As well as banning ‘Part 91’ private aircraft operations in Saudi Arabia, the country’s General Authority for Civil Aviation (GACA) has also issued a directive that all aircraft registered elsewhere be put on a Saudi AOC, in an apparent move to combat the gray charter market, according to NasJet CEO, Ghassan Hamdan.
“GACA has issued new regulations which require all aircraft owners based in Saudi Arabia, regardless of the aircraft state of registry, to be added on to a commercial or private AOC. Those who do not comply will suffer the consequences of having their annual landing permit in Saudi Arabia [withdrawn],” he said.
Hamdan expects this to lead to new aircraft moving on to the company’s management books. “We are noticing an upward trend of individual aircraft owners adding their aircraft under our NasJet management program, with three new additions this year. We are expecting four more over the course of next year,” he said.
The new GACA regulations stipulate that aircraft owners in Saudi Arabia should have submitted a comprehensive plan by September 1, 2016, stating their decision to operate their aircraft on either a private or a commercial AOC, NasJet said in a press release issued August 22.
“Failure to comply with the new rules and regulations may result in severe consequences, including restrictions on annual landing permit renewals or refusal to provide a one-time landing permit, which can lead to the grounding of the owners’ planes,” it said.
Low oil prices and falling foreign exchange reserves leading to unprecedented sovereign bond issuance have impacted business and corporate aviation in the kingdom. “We are noticing a slight downward trend in business and corporate aviation in the Middle East region due to the current state of the economy,” he said.
“However, the aircraft under the NasJet management program continue to increase and build in numbers and variety. NasJet is also the first to offer the aviation community in Saudi Arabia our AOC solutions which allow owners to add their aircraft onto a GACA Part 125 (Private AOC) or GACA Part 121SU (Commercial AOC) to meet the new GACA regulations that have come into effect this year.”
NasJet remains the largest private aviation operator and management company in the kingdom. “The primary driver for aircraft owners adding their aircraft under our management program is the AOC solutions and the ability to reduce costs by offering charter solutions. Furthermore, NasJet can offer various backup solutions from our existing fleet of aircraft under management which is an added benefit for our aircraft owners,” he said.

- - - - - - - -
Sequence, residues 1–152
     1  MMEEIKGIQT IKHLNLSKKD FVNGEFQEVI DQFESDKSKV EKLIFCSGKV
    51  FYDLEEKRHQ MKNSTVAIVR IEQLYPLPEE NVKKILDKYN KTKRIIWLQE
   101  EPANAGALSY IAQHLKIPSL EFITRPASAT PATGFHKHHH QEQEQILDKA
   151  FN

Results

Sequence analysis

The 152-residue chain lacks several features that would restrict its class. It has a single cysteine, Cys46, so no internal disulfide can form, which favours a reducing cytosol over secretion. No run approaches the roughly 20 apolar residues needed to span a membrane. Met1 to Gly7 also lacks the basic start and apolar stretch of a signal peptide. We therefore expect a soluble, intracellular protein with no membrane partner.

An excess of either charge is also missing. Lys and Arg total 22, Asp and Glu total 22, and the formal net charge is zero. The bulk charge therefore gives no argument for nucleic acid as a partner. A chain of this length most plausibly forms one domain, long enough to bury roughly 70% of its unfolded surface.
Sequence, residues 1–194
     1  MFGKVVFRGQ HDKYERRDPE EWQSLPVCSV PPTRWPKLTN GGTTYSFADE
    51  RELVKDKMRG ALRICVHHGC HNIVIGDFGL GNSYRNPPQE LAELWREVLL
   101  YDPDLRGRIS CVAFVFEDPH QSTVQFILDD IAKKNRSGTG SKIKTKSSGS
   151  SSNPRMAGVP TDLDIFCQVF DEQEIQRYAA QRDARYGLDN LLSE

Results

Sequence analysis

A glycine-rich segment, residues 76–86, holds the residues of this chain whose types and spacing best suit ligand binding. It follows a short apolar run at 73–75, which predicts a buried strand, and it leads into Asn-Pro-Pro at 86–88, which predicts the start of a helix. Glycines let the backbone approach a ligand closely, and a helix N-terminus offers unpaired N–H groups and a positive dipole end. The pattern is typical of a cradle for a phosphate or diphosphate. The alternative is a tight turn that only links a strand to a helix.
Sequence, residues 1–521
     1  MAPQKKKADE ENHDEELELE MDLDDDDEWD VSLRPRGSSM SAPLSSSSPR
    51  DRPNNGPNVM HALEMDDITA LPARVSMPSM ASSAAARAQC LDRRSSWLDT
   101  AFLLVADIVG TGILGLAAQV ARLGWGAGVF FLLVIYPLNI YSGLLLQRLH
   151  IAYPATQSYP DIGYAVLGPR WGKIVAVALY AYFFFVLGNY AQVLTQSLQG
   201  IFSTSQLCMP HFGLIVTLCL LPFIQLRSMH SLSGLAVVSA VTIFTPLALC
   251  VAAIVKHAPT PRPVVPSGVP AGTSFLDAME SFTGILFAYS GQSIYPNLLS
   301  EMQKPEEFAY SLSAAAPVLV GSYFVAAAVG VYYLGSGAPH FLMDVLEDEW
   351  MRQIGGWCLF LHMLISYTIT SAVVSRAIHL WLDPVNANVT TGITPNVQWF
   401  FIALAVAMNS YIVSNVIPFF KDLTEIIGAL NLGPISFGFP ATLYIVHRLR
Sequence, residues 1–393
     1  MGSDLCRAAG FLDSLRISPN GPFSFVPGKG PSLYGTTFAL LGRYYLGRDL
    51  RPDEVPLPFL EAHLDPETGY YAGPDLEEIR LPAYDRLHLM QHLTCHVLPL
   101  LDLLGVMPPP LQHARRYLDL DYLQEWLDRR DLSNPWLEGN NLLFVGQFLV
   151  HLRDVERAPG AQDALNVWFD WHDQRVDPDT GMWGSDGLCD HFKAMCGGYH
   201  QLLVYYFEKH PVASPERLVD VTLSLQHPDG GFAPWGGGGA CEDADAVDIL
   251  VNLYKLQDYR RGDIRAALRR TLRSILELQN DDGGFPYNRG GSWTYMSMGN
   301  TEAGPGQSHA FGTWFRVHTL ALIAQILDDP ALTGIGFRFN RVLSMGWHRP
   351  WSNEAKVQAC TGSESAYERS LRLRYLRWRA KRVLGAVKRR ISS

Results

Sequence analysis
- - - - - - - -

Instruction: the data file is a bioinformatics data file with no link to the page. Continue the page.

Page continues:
By putting their aircraft on its AOC, NasJet claims to offer exclusive discounts on fuel, handling, and insurance, which could help reduce owners’ costs by up to 25 percent.
Jordanian Hamdan, a veteran of the company who originally joined the entity that became an affiliate of U.S.fractional-ownership provider NetJets in 1999, told AIN in 2014 that he believed the gray market amounted to between 20 and 40 percent of all charters in the country. Lack of statistics makes it difficult to compare those figures to today’s figures.
“We have a total of 37 aircraft under management. NasJet currently operates a variety of aircraft types including a Boeing Business Jet, Airbus Corporate Jets, Gulfstream GV, G450, GIV–SP, G300, Legacy 600, Falcon 900B, Hawker 750 and Citation Excel aircraft,” Hamdan told AIN.
All regional operators are reporting falls in fleet size, and NasJet is no exception. NasJet officials said at the last MEBAA show two years ago that its fleet size stood at 67 aircraft.
“We also serve several layers of the aviation community in the Middle East, including the government and private sectors, HNWIs (high net worth individuals), and corporate companies,” said Hamdan, who is understood not to be related to former CEO of NAS Holding, NasJet’s parent company, Sulaiman Al Hamdan. The latter is now head of GACA and Saudi minister of transport.
NasJet has always been keen to manage costs. Speaking to AIN at MEBAA 2014, a company official said: “There are [a number of] challenges faced by the industry in this region. Managing direct operating costs is a particular challenge for the Middle East, as regional MRO facilities are still at an early development stage. As an industry we are still heavily reliant on services outside of the region, which increases the number of non-revenue generating flights.”
Saudi airports are undergoing privatization, but plans to accommodate business aviation outside the four international airports at Riyadh, Jeddah, Dammam and Medina, the only facilities where FBOs exist, are unclear. NasJet has an FBO in Riyadh with international joint-venture partner ExecuJet, with further expansion planned.
MEBAA 2016 marks the completion of three years of joint FBO operations in Riyadh with ExecuJet.
Hamdan said NasJet has also gained IS–BAO (International Standard for Business Aircraft Operations) accreditation from IBAC during 2016. “[The company] is very proud of this…as it illustrates our dedication to safety in the region.”